Research is important, but, says McClure, "I care about making a difference with the research, for people to have better access, for libraries to better plan their technology.”
Francis Eppes Professor, College of Information
The Patriot Act versus Privacy. With Charles McClure on watch, we can breathe easier about our civil liberties.
The right to access government information and the responsibility of the federal government to make that information available are issues that Charles McClure has "consistently fought for" in his 30-year academic career. He has spent "a lot of time" in Washington working on a range of information policy topics, including the Telecommunications Act and privacy issues arising from electronic records management, Homeland Security and the Patriot Act.
In 1999, McClure relinquished his Distinguished Professorship at Syracuse for Florida State to become the first Francis Eppes professor and to establish the Information Use Management & Policy Institute. "I saw an opportunity to develop a strong research arm with the College of Information." Today, the Institute has its own facility and has garnered nearly $3 million in funded research. "Pretty good," says McClure, "for the social and policy sciences."
Research is important, but, says McClure, "I care about making a difference with the research, for people to have better access, for libraries to better plan their technology.” His current project, with John Bertot, Professor and Associate Director of the Institute, and Paul Jaeger, a doctoral student, is with the Bill and Melinda Gates Foundation, and will help the Institute achieve that.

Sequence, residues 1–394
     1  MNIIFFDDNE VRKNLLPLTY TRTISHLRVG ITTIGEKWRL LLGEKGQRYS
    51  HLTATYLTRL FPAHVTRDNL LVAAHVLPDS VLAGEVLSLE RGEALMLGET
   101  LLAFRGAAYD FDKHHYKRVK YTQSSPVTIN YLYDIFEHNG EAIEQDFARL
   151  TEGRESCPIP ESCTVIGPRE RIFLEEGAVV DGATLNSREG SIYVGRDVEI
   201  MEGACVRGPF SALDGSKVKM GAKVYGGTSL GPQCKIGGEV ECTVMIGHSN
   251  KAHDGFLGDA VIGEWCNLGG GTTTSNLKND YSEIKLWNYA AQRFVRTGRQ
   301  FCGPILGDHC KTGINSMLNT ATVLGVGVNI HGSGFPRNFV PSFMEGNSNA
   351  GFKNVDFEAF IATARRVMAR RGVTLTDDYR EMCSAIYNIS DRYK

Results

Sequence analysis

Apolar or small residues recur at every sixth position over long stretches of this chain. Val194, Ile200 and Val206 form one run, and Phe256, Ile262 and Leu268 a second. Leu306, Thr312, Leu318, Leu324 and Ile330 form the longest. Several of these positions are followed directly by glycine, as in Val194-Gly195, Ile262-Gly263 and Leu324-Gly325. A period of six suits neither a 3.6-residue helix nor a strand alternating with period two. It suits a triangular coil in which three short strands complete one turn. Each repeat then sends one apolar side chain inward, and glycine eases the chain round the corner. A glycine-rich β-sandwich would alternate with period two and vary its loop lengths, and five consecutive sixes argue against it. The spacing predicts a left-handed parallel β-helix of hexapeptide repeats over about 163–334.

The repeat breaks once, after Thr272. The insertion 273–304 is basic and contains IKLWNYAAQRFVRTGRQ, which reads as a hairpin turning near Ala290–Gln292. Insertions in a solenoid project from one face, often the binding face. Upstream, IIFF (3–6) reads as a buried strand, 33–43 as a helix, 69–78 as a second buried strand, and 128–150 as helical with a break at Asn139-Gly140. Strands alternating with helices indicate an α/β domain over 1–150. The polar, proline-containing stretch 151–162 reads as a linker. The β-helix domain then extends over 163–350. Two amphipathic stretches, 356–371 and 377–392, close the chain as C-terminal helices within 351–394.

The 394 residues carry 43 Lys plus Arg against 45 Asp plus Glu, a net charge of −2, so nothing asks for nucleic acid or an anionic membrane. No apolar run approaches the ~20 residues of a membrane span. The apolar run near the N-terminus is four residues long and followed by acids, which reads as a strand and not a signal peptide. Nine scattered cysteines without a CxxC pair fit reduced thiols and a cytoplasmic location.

"The Foundation is very concerned as to whether public libraries are providing access to networked information and, if so, the level of that connectivity. If you can't afford a computer, you use the one at the library, including applying for jobs. Today, most job applications must be filed online. If we can develop advocacy methods for under-connected libraries, help them convince their communities that they must have broadband, we will have made a difference."
”Information Studies begins from a user's point of view,” says McClure. He, graduate student Tommy Snead, and other graduate students, are working with the Florida Electronic Library, developed by the Florida State Library, to ensure that the digital library meets users' needs. Does it function as well as it can? Is the website compatible for use by the physically disabled? "It really pleases us to know that people in small, rural towns have access to, and are aware of, electronic information services. The world is now their oyster."
The U.S. Institute of Museum and Library Services recently funded a two-year project, which will enable the Institute to provide web-based instructional modules that will assist librarians determine what type of evaluation should be used to assess services and programs. "Being able to evaluate well is essential for demonstrating the value and importance of the library in the local community," says McClure.
McClure credits the Institute's rapid progress to the strong support he receives from Dean Larry Dennis and to his “great team” of colleagues and graduate students. "There are few greater awards as an academic than to begin working with young doctoral students and then later, witness what they can accomplish." Ultimately, everyone at the Information Institute wants to make a difference.